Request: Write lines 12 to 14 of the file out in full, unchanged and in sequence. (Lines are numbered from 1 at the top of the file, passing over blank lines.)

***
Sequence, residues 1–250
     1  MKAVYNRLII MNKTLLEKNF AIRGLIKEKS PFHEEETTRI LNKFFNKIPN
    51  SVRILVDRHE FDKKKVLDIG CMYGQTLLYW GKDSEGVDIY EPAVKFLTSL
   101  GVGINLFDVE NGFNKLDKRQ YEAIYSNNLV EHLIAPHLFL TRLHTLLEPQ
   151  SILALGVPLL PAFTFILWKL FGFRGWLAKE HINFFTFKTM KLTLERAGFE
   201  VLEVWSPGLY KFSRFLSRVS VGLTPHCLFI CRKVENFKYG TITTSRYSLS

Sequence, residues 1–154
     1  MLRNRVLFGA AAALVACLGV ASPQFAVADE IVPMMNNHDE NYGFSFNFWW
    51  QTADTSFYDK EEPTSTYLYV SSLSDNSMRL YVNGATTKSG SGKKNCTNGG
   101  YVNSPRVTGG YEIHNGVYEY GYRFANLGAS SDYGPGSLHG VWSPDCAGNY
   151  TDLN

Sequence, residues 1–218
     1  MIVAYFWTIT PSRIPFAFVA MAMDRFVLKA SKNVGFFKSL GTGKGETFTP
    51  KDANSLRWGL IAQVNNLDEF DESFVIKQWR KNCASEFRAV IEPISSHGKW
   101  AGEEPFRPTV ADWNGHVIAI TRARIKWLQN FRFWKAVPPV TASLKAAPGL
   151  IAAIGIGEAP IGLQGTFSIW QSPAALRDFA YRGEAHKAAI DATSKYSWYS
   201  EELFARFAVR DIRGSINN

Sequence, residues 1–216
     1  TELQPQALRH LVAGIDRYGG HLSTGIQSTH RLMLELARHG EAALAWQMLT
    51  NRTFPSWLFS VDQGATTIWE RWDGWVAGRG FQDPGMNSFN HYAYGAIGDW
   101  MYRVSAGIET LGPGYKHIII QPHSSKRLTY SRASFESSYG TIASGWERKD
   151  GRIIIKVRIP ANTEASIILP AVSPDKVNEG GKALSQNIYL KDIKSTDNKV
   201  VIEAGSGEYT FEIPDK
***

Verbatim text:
Sequence, residues 1–218
     1  MIVAYFWTIT PSRIPFAFVA MAMDRFVLKA SKNVGFFKSL GTGKGETFTP
    51  KDANSLRWGL IAQVNNLDEF DESFVIKQWR KNCASEFRAV IEPISSHGKW